Data on the equities is presented “as though” an investment had been made in an “index fund” for the ease of comparison and understanding, but no such fund exists nor did any investment take place. Equity investments are volatile, particularly when not carefully diversified and monitored. The third column in the table below represents the percentage change in the individual equity prices as of the close of the NYSE on 4 September 2009 versus the previous month.

symbol 4 Sep 09
Sector Industry
EMN $ 50.26


Basic Materials Chem. (Plastic & Rubber)
HON $ 37.15
+2.12 594.40 Capital Goods Aerospace & Defense
CAT $ 46.11
-3.50 691.65 Capital Goods Constr. & Agric Machinery
FDML $ 11.46
-23.50 1,180.38 Consumer Cyclical Auto & Truck Parts
HQS $ 8.40
-7.59 999.60 NonCyclic Consumer Fish / Livestock
BBEP $ 9.94 +13.86 675.92 Energy Oil & Gas (Integrated)
PZE $ 6.74
-3.99 559.42 Energy Oil & Gas (Integrated)
AIB $ 6.91 +17.52 497.52 Financial Money Center Banking
CMA $ 25.42 -7.93 381.30 Financial Regional Bank
FITB $ 10.52 +8.34 494.44 Financial Regional Bank
CCI $ 27.83 -1.00 556.60 Services Communications Srvcs
JWN $ 29.23 -3.53 701.52 Services Retail (Apparel)
FSLR $121.47 -17.07 850.29 Solar Technology Semiconductors
RIMM $ 77.50 +0.53 542.50 Technology Comm. Equipment
PLXS $ 25.25 -5.00 580.75 Technology Electronic Instr & Controls
POM $ 14.17 +1.87 1,034.41 Utilities Electric

Disclaimer: Readers are advised that the ideas, materials, and opinions contained herein should be used solely for informational purposes. The author does not purport to tell or suggest investment securities that should be bought or sold. Investors should always conduct their own research and due diligence and obtain professional advice before making any investment decision. Neither the author nor realitytax shall be liable for any loss or damage caused by a reader’s reliance on information obtained in any posts, newsletters, special reports, email correspondence, or comments on the web site. The author is not a registered investment advisor or broker/dealer. The information contained herein does not constitute a representation by the publisher or a solicitation for the purchase (or sale) of securities. Opinions and analyses are based on sources believed to be reliable and are written in good faith, but no representation or warranty is made as to their accuracy or completeness, and we are not liable for errors or omissions. All such information should be independently verified with the companies mentioned. The author(s) receives no compensation of any kind from any companies that may be mentioned on this web site. Any opinions expressed are subject to change without notice. Owners, employees and writers may hold positions in the securities that are discussed; the intent is neither to suggest investment choices/strategies nor to influence market conditions, but rather to divulge methodology for inclusion of equities and sectors in the Economic Recovery Reality Index [ERRI]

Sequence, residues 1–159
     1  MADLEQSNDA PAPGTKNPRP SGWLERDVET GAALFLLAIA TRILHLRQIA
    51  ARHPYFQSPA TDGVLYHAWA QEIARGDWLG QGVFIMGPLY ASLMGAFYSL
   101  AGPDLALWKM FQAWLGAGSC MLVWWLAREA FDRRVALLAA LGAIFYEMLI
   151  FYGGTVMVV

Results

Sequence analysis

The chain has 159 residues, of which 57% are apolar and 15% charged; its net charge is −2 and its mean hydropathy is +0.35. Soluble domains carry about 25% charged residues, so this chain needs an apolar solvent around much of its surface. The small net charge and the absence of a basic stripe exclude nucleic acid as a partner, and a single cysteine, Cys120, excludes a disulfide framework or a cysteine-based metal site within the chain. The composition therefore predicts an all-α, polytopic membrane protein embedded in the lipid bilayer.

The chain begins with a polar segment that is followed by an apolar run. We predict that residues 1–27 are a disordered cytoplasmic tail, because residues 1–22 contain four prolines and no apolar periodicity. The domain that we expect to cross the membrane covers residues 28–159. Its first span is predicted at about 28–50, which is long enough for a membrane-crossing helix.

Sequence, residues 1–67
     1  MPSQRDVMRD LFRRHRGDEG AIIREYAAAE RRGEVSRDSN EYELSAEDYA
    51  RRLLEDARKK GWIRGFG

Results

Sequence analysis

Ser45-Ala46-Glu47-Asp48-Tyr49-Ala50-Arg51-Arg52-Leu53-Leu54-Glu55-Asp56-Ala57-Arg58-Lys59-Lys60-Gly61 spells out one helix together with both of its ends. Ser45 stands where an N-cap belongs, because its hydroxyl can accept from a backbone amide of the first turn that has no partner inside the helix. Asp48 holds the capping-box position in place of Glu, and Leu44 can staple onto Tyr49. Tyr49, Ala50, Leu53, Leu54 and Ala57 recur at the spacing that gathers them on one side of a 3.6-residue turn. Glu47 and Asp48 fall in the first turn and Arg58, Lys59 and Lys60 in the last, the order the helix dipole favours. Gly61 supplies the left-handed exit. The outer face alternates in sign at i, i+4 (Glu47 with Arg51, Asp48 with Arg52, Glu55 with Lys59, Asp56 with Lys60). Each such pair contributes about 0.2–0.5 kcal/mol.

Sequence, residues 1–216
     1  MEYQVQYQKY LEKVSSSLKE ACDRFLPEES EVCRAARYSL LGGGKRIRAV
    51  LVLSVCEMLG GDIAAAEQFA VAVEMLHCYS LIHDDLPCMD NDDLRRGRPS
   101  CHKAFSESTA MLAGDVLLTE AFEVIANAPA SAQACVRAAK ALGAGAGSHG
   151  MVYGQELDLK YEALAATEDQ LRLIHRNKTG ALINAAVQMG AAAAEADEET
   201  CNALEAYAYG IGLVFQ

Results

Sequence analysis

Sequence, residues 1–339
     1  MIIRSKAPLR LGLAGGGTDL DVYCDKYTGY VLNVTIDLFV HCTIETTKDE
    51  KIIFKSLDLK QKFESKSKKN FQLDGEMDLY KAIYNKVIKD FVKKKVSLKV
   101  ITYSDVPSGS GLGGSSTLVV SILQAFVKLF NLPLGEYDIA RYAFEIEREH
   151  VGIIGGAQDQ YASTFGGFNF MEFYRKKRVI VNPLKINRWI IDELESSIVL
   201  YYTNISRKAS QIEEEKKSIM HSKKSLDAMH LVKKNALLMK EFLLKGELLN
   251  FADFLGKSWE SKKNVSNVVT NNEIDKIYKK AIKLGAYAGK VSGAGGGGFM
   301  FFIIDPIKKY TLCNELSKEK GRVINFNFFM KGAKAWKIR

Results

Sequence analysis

Digg the ERRI report.